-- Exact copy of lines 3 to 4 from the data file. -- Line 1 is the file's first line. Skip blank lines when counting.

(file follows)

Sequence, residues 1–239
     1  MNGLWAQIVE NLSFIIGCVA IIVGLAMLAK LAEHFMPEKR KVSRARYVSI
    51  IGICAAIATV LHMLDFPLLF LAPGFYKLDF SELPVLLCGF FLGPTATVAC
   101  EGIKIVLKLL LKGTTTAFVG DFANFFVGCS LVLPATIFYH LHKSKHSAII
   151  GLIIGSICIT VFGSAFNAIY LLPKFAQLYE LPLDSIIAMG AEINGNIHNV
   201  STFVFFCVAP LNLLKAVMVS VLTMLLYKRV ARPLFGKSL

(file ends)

    51  IGICAAIATV LHMLDFPLLF LAPGFYKLDF SELPVLLCGF FLGPTATVAC
   101  EGIKIVLKLL LKGTTTAFVG DFANFFVGCS LVLPATIFYH LHKSKHSAII